In what is perhaps the most self-explanatory of all FanDuel cash contests, large contests are for more than a few players – a lot more. Expect the total number of entrants to go up to 100 people. These are the biggest non-qualifier contests available, and the best part is players can choose what kind of entry and prize structure they want when they choose a tournament. This could be seen as a nice segue into tournament play. This is what the majority of FanDuel players end up playing. These are big contests where you compete against the field in order to try to top the leaderboards with your team. There are all sorts of analytics and data analysis edges to be gained in these tournaments, so make sure to do your research and check them out.
Making A FanDuel Deposit And Collecting Payouts
Now that you’ve completed the sign-in process, picked your sport and decided on a contest type, it’s time to make a deposit into your account so you can get started actually playing daily fantasy sports at FanDuel. Fortunately, this process is a cinch thanks to the many payment options FanDuel makes available to its users. PayPal is, of course, accepted, as are VISA, American Express, Mastercard and Discover credit cards, and even electronic check or bank account transfers.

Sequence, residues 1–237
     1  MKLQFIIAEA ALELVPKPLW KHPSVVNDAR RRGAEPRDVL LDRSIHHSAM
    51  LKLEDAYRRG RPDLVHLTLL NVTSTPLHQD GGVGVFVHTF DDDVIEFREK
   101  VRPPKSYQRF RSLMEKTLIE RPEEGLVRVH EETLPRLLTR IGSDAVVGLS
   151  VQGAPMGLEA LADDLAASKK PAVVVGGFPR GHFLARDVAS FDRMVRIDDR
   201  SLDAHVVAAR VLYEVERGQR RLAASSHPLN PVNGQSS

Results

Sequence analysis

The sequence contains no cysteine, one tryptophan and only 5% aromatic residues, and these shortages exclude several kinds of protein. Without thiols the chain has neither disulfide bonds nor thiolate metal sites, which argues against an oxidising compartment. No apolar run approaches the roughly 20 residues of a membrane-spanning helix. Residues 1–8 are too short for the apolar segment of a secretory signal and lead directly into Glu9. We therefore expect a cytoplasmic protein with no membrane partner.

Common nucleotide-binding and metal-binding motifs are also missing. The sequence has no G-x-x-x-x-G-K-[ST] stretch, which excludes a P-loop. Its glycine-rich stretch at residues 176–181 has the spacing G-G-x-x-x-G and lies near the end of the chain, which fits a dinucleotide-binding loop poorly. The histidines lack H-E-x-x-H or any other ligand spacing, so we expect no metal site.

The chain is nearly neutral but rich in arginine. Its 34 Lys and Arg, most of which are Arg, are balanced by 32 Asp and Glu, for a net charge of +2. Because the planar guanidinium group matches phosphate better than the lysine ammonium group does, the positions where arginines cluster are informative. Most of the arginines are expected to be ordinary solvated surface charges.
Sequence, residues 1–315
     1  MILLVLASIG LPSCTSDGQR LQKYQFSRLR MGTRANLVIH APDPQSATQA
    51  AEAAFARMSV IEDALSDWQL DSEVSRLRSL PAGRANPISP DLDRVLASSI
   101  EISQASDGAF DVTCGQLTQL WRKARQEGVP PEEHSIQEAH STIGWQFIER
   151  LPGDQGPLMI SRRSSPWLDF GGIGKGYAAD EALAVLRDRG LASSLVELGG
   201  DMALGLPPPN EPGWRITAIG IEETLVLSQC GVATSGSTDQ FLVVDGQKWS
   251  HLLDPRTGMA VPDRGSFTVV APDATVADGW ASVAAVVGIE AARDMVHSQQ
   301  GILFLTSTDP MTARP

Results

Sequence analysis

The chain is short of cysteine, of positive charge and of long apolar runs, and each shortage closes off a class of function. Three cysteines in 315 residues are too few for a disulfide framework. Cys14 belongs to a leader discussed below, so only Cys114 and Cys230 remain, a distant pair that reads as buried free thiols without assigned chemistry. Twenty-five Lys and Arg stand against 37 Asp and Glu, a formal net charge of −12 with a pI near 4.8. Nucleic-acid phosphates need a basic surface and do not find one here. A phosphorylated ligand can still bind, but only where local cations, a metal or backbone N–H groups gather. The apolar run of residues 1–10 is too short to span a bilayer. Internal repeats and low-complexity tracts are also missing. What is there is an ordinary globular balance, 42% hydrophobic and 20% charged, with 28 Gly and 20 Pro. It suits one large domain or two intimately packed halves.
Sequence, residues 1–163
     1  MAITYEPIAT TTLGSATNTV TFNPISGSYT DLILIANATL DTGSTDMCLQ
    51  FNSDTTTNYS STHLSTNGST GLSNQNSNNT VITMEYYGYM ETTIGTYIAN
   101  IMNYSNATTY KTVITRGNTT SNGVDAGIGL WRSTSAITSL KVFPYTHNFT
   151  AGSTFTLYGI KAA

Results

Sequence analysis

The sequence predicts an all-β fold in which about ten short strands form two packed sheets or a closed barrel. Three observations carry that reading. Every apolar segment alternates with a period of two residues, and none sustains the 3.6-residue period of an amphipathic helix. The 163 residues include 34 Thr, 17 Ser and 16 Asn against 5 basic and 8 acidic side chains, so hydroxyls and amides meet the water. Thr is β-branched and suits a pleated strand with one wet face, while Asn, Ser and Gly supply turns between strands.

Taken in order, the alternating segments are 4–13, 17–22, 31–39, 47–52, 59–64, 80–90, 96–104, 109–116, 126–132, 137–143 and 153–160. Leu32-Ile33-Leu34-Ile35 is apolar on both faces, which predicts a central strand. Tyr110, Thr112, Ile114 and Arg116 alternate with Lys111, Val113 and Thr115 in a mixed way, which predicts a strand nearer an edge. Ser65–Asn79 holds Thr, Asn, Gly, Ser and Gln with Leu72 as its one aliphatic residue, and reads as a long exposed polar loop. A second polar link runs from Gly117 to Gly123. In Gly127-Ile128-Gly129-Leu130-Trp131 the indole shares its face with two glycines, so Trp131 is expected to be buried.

The whole deposit process is rather straightforward and streamlined, and that simplicity carries over to the withdrawal procedure. FanDuel is only able to issue payouts via PayPal or a request for a check, however, so factor either a 48-hour or 7 to 10-day turnaround time, respectively, into your plans should request a withdrawal. You will need to confirm your physical mailing address, social security number and pass other similar security checks in order for FanDuel to process your withdrawal.
Drafting Your Daily Fantasy Sports Team On FanDuel